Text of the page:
Just another Achillesblog.com weblog

MBT Anti-shoes: Is anyone wearing these?


Hi ATRers, I’m over 10 weeks post op and looking for anything that will help me walk without limping and speed my recovery along.  A friend told me about these shoes and I’m just curious to learn if anyone else has heard of these shoes and is anyone wearing them.  Are they helpful in ATR recovery?  Any input you have is appreciated.  Thanks!

First PT-9 weeks


Wow, what a difference a few days can make.  Progress feels good.  I’m just about 9 weeks since surgery and just started PT today.  The first session was so helpful.  I was treated with a great session including massage, stretches, lots of education about what works well for stretches/exercises, ultrasound, and STEM.  All in all, it was very encouraging and I am feeling more confident in my ability to fully recover.  Learning to walk properly again is my first challenge. I also discovered that my good leg is very tight with only about 9% dorsiflexion when it should be closer to 15%.  So now I have some work to do on my good leg to build up more flexibility and strengthen my other Achilles to hopefully to prevent this from happening again. In case there are any other ATR’s here in the Twin Cities, I recommend Jon Groskreutz-from OSI Physical Therapy-he does a great job understanding the situation and setting up a plan for progress.  Cheers!

8 weeks post op-First day 2 shoes


I spent most of the day wearing 2 shoes for the first time in 8 weeks and it felt good to be walking again–well sort of walking.  I am moving very slowly and with a limp but happy to be progressing and starting to walk is a great step forward.  I did wear my boot for the trek to the train station and to the office as it’s several blocks, but the shoes were on the rest of the day!   Still doing ROM and light stretching several times a day, PT to start next week.  Here’s to a safe and speedy recover for all ATRs!!

Weeks 7 post op-FWB is wearing me out!


Just hit 7 weeks post op–walking with the boot on is slow and awkward and near the late afternoon my leg is sore, swollen and it hurts.  The good news is that I found a new job at my same company after being laid off on Jan. 20th, one week before ATR.  So the “time off” was perfect for recovering on the couch but now I am back to work and commuting to and from the office, walking through the skyways in downtown Minneapolis and all the trips to the bathroom, conference rooms, break room etc. are so much more work than lying on the couch at home (am I allowed to whine on this blog?).  I assume that all the walking on my bad leg in the boot is good for me because my muscles will eventually come back to life but it’s still no fun.  So the good news of having a job far outweighs the bad news of having to “go to the office to work” especially in this massive recession.  All together, I am feeling humbled and blessed with this unique trial.  Like others have posted, it could be much worse and for that I am grateful.  Chances to be patient, rely on others, slow down, think about what matters in life are all positive outcomes from this experience.  I know I still have a long way to go so I just keep taking it one day at a time and hope that each day brings me a bit closer to doing many things I enjoy.  My family is fabulous and have been extremely helpful in chasing things down for me and helping me get around.  Also thanks to my fellow blogging ATR warriors for sharing your stories.  I read the blog every day and it is very helpful!  Cheers, Bode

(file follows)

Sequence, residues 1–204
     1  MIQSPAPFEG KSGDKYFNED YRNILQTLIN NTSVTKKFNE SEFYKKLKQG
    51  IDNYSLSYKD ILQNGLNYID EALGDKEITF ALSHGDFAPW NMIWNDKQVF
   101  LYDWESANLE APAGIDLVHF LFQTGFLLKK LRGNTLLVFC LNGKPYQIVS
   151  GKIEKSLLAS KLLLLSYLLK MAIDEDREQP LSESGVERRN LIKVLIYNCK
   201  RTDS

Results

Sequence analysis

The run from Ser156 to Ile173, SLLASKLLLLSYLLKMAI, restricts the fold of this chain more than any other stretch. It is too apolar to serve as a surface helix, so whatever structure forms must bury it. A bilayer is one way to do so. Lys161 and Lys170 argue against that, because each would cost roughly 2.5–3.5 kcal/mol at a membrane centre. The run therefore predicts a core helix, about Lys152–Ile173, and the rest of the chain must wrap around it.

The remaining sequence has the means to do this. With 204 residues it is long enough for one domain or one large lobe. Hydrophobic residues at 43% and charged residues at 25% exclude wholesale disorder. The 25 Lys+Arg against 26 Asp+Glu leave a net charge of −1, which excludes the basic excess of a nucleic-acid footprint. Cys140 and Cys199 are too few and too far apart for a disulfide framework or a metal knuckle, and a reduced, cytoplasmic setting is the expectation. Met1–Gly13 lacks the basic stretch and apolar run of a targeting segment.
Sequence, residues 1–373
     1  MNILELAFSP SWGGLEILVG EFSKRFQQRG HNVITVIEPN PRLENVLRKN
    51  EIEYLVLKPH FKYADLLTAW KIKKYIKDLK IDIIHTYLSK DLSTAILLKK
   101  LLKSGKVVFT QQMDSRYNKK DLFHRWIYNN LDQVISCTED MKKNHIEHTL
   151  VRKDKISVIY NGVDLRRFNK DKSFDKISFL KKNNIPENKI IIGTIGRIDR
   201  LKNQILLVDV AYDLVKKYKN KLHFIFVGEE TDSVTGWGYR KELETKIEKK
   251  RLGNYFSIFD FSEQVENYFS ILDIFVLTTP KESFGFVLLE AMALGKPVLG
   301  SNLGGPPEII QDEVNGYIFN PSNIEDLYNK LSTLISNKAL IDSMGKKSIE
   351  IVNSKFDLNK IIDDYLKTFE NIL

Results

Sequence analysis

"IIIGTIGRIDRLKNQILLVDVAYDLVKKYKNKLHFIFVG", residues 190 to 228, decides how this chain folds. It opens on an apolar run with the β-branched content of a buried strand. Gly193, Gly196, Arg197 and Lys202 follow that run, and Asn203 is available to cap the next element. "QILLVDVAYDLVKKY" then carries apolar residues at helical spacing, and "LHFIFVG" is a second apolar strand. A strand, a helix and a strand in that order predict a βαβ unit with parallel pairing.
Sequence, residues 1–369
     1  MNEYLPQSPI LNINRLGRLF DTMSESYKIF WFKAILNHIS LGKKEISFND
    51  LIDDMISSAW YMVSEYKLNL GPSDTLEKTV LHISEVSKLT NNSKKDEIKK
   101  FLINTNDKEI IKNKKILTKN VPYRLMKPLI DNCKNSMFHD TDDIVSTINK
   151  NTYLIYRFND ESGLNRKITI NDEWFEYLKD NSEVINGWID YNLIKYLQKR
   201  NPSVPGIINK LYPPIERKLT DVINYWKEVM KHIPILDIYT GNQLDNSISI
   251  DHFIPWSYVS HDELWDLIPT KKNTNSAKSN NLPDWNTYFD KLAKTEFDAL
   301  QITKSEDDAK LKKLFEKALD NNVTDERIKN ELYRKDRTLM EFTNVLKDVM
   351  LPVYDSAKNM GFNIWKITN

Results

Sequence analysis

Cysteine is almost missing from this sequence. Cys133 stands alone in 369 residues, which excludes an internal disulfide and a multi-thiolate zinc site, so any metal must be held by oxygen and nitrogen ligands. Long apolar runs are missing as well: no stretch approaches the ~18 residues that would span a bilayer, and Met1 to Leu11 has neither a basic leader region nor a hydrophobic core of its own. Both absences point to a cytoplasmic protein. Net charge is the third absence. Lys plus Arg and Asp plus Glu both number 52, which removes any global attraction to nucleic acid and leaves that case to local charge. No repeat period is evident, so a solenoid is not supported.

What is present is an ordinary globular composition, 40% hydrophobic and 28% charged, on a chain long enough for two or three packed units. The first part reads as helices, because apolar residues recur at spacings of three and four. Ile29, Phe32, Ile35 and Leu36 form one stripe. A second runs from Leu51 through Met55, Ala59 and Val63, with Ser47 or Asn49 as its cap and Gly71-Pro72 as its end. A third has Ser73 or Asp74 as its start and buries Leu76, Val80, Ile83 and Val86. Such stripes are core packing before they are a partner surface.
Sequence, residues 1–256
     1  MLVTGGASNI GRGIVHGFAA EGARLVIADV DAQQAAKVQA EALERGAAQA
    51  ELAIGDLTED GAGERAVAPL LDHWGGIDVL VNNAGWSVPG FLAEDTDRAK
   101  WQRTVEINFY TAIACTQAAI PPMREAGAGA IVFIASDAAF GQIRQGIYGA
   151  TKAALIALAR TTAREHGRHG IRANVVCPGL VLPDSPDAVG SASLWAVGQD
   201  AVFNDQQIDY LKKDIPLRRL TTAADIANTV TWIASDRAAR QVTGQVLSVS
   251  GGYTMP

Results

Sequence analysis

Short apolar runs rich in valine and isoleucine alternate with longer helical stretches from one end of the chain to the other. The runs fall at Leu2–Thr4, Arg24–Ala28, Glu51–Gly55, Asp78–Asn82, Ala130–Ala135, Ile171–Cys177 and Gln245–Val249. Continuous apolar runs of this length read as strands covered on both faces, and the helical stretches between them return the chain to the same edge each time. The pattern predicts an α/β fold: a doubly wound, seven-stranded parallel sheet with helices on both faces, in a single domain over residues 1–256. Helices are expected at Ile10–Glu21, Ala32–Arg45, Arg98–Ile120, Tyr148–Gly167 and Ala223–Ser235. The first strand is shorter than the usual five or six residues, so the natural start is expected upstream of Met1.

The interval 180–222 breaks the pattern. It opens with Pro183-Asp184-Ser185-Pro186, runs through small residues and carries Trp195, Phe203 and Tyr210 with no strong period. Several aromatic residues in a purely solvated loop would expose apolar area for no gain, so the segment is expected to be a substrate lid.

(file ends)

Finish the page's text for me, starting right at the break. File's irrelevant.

3rd Dr. visit-Positive Progress-Early Motion Treatment


My doctor is moving me along now a bit faster than originally discussed and I am very happy about my progress.  I am following the plan outlined in an article titled, “Early Motion for Achilles Tendon Ruptures: Is Surgery Important?” written by Bruce C. Twaddle and Peter Poon and published in The American Journal of Sports Medicine, Sept. 20, 2007.   You can read the abstract here (the full article is available for a fee).

Here is a summary of my treatment plan so far and what is still to come.  I did not follow the plan in the article exactly from the beginning but plan to from now onward.  I’ll  first describe what I experienced and then give a quick rundown on the plan from the article.  Hope this helps.

My experience to date:

  • ATR playing basketball on Jan. 27
  • Surgery Jan. 29, spinal block, outpatient. 
  • 2 weeks in a splint, toes pointing down @ 25 degrees, Vicodin for pain 3 days, then Advil/Tylenol 2 more days, lots of elevation and ice
  • 2 more weeks in a fiberglass cast, toes pointing down @ 20 degrees. Advil/Tylenol for cast discomfort/agitation
  • Moved into a boot, 15 degrees pointing down for 1 1/2 weeks
  • Today–boot moved to neutral position (5 1/2 weeks post op) with partial weight bearing allowed 

Plan going forward: 

  • Boot in neutral position, partial weight bearing moving to full weight bearing over next few days/week based on comfort level, daily exercises include moving foot up and down, massaging scar area, and light stretching with towel behind toes gently flexing toes, ice/heat as needed, no boot needed at night
  • Continue with boot in FWB for until 8 weeks post op (2 1/2 weeks from today)
  • Move to two shoes at 8 weeks and then begin PT, do toe raises with good leg supporting bad leg
  • Next Dr. visit at 12 weeks post op

Now after reading the article I realize my treatment has been a combo of the more traditional approach of immobilization and this newer approach of early motion.  For those just starting out, you may want to research this further and talk to your Dr. before you start.  The study really impressed me as it makes the case for early motion and the results of this study showed similar results for both operative and non-operative treatments.  It seems that most people on this site have opted for surgery and according to this study the non-operative group did equally well as the surgical group.  It seems that the non-surgical method when combined with early motion may become the preferred method over time if more studies can confirm these results.  This is all very fascinating to me to see treatments vary so much among doctors and how they continue to find new and better ways of treating the same injury.